• Overhead Netting: The overhead netting installs on the top of your existing fence, resting at a 45° inward angle. This prevents dogs from being able to jump or climb over the top of the fence. Once your dog realizes that the netting prohibits their ability to jump or climb over, he will refrain from attempting to escape.
  • Landscaping: Although this may seem like a solution that is too good to be true, landscaping a wide and tall enough area along the fence with thick shrubbery can be enough to prevent a dog from jumping or climbing. The shrubbery not only serves as a barrier, but also improves the aesthetic quality of your yard!


For dogs who will stop at nothing to burrow under your fence, there are two simple solutions that will prevent you from needing to continually re-landscape your yard.

  • Chicken Wire: Although it is not the most attractive solution, chicken wire is an easy, cost efficient way to prevent digging. You can either install it at the base of the fence or even bury it underneath the dirt or grass at the foot of the fence to block your dog’s digging access. It can be purchased at your local hardware store.
  • Concrete Footer: Another solution is pouring concrete along the base of your fence. For best results, make sure that the bottom of the fence is submerged in the concrete to stop even the most persistent diggers!


If your dog adamantly patrols the yard, protecting against what he considers mayhem, and then does everything in his power to guard the premises from outside of the yard, it is necessary to block his view of the proceeding area as a preliminary measure. Limited visibility will reduce your dog’s urge to get out.

  • Fill in the spaces between fence posts: Bamboo rolls or reed fencing are viable solutions to filling in the gaps between each individual fence post. This relatively inexpensive process only requires zip ties to install.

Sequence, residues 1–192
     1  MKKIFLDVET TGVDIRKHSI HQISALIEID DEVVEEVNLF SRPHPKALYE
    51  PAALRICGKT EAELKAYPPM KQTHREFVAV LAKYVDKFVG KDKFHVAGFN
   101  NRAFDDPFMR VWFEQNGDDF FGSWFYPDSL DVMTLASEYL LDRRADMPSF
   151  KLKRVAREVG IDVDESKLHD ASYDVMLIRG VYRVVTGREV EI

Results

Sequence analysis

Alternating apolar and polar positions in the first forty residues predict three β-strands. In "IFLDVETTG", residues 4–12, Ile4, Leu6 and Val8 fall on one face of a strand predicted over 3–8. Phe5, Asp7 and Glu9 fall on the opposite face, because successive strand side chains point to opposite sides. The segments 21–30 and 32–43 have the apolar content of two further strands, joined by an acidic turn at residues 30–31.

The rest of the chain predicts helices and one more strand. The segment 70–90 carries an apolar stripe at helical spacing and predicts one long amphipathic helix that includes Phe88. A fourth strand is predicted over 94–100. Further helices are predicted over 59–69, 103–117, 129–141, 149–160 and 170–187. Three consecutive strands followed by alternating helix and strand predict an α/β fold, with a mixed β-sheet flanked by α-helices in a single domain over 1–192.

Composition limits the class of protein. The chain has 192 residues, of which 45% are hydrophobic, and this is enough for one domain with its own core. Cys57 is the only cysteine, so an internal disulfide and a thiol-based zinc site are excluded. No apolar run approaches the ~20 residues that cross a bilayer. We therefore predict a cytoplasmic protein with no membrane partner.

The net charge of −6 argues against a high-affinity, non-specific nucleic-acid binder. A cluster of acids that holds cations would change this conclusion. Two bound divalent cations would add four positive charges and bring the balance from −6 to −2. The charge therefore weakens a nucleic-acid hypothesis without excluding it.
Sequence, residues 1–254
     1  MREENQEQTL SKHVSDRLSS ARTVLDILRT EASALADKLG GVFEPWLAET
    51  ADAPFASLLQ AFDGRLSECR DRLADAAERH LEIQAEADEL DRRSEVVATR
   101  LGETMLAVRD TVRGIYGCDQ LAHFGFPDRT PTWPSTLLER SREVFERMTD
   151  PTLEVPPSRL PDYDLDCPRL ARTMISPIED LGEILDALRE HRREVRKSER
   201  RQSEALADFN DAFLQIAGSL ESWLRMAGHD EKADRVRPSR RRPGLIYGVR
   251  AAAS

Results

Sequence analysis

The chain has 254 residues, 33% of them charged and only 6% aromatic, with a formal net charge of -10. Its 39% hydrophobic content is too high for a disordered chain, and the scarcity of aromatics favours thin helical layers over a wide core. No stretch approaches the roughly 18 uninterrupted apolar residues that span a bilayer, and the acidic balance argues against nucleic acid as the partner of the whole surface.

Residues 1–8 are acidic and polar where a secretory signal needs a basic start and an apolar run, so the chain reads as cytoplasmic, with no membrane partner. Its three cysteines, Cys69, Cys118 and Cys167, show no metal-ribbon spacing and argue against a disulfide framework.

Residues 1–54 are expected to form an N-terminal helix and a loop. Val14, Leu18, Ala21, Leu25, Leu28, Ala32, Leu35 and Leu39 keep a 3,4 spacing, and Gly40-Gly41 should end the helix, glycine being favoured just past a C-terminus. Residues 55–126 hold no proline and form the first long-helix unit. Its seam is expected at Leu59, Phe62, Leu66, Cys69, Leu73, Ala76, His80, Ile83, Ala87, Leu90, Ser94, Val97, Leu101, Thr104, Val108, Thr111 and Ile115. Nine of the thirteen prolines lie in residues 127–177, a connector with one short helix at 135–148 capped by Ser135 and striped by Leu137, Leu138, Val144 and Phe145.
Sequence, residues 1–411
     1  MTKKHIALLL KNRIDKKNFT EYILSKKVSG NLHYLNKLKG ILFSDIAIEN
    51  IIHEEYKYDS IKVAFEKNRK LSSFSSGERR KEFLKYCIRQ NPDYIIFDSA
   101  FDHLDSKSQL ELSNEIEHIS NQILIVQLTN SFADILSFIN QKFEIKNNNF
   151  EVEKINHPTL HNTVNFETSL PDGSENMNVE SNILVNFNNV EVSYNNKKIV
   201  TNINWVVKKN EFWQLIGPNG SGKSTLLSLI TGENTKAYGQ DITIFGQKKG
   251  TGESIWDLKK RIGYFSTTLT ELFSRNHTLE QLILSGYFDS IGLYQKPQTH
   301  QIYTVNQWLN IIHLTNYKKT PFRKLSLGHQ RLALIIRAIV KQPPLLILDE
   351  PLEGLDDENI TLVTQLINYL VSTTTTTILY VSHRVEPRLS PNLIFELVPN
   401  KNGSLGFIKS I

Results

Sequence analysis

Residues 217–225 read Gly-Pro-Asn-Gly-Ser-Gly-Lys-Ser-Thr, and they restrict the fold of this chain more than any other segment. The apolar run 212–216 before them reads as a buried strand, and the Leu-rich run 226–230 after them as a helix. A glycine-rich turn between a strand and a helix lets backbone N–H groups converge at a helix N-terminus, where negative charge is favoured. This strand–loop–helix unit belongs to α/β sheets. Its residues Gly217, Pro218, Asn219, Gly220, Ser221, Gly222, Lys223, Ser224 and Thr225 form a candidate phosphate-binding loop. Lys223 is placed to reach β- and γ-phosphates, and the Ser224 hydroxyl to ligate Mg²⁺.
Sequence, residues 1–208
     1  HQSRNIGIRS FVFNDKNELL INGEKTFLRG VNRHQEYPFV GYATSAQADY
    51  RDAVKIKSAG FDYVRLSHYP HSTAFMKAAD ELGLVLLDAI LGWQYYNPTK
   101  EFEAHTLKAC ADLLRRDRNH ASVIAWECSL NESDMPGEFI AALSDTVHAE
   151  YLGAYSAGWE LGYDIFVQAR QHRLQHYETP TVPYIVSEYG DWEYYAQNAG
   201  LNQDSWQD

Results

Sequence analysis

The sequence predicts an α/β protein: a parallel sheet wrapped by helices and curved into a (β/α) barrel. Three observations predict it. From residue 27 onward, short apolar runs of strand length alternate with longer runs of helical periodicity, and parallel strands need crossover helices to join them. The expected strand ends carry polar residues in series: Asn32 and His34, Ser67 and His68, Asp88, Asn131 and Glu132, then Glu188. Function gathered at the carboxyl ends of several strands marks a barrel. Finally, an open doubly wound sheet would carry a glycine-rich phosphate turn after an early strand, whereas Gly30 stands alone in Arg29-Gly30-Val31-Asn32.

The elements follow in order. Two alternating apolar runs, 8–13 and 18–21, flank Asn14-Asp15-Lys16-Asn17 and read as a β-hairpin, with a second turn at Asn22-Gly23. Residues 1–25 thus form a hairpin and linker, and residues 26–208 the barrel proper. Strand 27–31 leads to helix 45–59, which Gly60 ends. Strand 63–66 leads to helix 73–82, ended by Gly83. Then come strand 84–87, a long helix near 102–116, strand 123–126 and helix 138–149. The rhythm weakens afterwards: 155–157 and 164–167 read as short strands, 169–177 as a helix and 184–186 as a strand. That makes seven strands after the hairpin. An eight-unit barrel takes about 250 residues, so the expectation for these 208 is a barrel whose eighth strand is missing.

• If you are worried about the aesthetics of your yard, opaque fencing is another solution. However, it does require removing the current fence and replacing it with a newly purchased one.

A Few Other Useful Tips

  • Make sure your yard is a happy place for your dog. Provide an ample amount of toys, fresh water, and shade. If your space is not a comfortable size to stay in all day, it is recommended to install a reliable pet door, whether for doors or for sliding glass doors, to give your dog the freedom to go in and out at their own will.
  • Don’t leave your dog alone for long periods of time if you don’t have to. Being alone is more of a motivation for them to leave the yard, because they are more likely to want to interact with people or other dogs. This can also be a symptom of separation anxiety.

  • Make sure that all gates are locked before you leave your dog unattended.
Hannah Scholtes

Written by

Hannah Scholtes

The Team is dedicated to providing the highest quality pet doors. As dog and cat lovers ourselves, we aim to write about the topics that matter the most to you and your furry friend. If you have any questions, please contact our customer service team. 🐶🐱

The Team is dedicated to providing the highest quality pet doors. As dog and cat lovers ourselves, we aim to write about the topics that matter the most to you and your furry friend. If you have any questions, please contact our customer service team. 🐶🐱


  • Hi Angie,

    I’m very sorry to hear about the loss of your poodle and that your little guy is experiencing some anxiety.

    I would recommend checking out this article we have on reducing separation anxiety for pets:

    If you have any other questions, please feel free to call us at 1-800-826-2871 or email

    Happy New Year!

    Elizabeth (Staff)
  • Our little Monster (daddy was Chihuahua-Corgi, mother was schitzu) suffers from anxiety. We recently lost our poodle that was his companion. Since then we can’t leave him alone. He dug through heavy gravel and went under the chain link fence to get out. Luckily we found him running down the road. He is chipped and has a collar with his tags and our phone number and he always comes back home, but we now take him everywhere with us. I’d love to be able to run to the grocery store or doctor and leave him either inside or out, but he just goes crazy! It makes me feel so bad. We’ve been unable to find a suitable companion being that we live in a small rural community, but we are still looking. Until then, Amy suggestions? Thank you in advance.

    Angie Garcia